Struggle

Persian, Creek, Roman and Arabs Invasion, occupation and plundering of Chimie

Persian Invasion of Chimie (Egypt)


In 525 BC the Persian emperor Cambyses II, son of Cyrus the Great, who had already named his son as king of Babylon though Cambyses II resigned that position after only one year, invaded Egypt and successfully overthrew the native Egyptian pharaoh, Psamtek III, last ruler of Egypt's 26th Dynasty to become the first ruler of Egypt's 27th Persian Dynasty. His father had earlier attempted an invasion of Egypt against Psamtek III's predecessor, Amasis, but Cyrus' death in 529 BC put a halt to that expedition. 

After capturing Egypt, Cambyses took the Throne name Mesut-i-re (Mesuti-Ra), meaning "Offspring of Re". Though the Persians would rule Egypt for the next 193 years until Alexander the Great defeated Darius III and conquered Egypt in 332 BC, Cambyses II's victory would bring to an end (for the most part) Egyptians truly ruling Egyptians until the mid 20th century, when Egypt finally shrugged off colonial rule. 

 Very little is known about Cambyses II through contemporary texts, but his reputation as a mad tyrannical despot has come down to us in the writings of the Greek historian Herodotus (440 BC) and a Jewish document from 407 BC known as 'The Demotic Chronicle' which speaks of the Persian king destroying all the temples of the Egyptian gods. However, it must be repeatedly noted that the Greeks shared no love for the Persians. Herodotus informs us that Cambyses II was a monster of cruelty and impiety.

 

Greek Invasion of Chimie

In the 4th century the Persians were displaced in Egypt by the Greeks under Alexander, who built the city of Alexandria on the Nile Delta, to serve as a entry port for the Greeks who came sailing across the Mediterranean.

Even the Greek rule of the Ptolemys next three centuries did not interfere with the religious beliefs of the Egyptians. They continued worshipping their age-old deities, the Sun God, Ra or Amon Ra, Horus, the sky god, who had the head of a hawk, and body of a human and many others.

Roman invasion of Chimie

 In the 1st century C.E. despite the efforts of Greco-Egyptian rulers like Cleopatra, Egypt became part of the Roman Empire under Julius Ceaser. But even the Romans did not tamper with the religious beliefs of the Egyptians.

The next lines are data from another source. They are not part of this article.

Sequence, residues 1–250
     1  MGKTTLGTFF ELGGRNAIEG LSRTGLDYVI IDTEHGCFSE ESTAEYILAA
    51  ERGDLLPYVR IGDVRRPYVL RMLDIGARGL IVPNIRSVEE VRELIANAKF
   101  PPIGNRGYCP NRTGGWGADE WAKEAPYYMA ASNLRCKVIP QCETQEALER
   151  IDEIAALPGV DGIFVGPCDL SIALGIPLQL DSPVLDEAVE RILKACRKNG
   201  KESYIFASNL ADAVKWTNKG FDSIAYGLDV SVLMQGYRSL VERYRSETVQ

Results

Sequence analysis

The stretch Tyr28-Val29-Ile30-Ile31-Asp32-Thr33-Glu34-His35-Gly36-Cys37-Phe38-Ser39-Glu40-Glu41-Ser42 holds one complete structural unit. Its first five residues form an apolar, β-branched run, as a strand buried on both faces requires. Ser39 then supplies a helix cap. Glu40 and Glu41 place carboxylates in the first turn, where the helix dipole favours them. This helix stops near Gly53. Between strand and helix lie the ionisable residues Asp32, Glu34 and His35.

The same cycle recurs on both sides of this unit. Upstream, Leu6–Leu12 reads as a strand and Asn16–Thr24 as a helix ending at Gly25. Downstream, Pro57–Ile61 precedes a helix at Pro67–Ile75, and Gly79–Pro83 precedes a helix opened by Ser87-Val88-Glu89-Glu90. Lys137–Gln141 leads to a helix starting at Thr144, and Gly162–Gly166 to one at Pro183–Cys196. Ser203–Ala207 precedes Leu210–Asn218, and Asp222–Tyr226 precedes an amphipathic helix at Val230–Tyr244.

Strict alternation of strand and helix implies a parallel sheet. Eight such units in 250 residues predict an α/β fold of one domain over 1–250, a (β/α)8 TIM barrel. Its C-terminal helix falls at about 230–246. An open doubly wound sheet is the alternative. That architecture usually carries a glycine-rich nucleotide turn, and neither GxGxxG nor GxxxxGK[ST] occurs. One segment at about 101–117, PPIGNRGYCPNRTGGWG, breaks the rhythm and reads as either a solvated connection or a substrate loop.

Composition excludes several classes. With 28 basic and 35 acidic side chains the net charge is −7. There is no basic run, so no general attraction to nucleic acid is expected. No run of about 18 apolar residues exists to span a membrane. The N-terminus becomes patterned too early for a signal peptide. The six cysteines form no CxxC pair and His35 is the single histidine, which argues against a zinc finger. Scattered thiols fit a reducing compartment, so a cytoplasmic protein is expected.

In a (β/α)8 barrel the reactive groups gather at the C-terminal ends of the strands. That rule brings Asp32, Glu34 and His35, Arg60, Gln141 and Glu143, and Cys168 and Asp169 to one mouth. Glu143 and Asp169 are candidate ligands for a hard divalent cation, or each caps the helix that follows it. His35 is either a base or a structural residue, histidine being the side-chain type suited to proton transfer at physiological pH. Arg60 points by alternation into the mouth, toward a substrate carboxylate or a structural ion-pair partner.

So after a procession of invaders the Persians, Greeks, Romans, the religion of the Egyptians remained unique and original. Only when the Roman emperor Constantine embraced Christianity in the 4th century did the people of Egypt as subjects of the Roman empire start converting to Christianity.

 

The Arabs invasion of Chimie

The four centuries of ceaseless warfare between the Byzantine (Eastern-Roman) Empire and the Sassanid Persian Empire in the 6th and 7th centuries had weakened both empires. It was at this unfortunate juncture that the Muslim Arabs pounced on both empires in fourth decade of the 7th Century (641 C.E.). After their conquest of the Byzantine provinces of Jordan, Syria, Lebanon, and Palestine (today's Israel), they invaded Egypt in December 641 C.E. 

When the Arab Muslims invaded Egypt, the native Egyptian population was fully Christian, although the ancient religion has influenced Egyptian Christianity and many of the original rituals were being followed by the Egyptians. Under the Arab Muslims occupation, the Coptic Christians were subject to fierce persecution, and many of the churches and Basilicas were destroyed and converted into Mosques. Egypt's Coptic Christians had to retreat to the hilly and barren areas to remain safe from being converted to Islam at the pain of death by their Arab Muslim tormentors.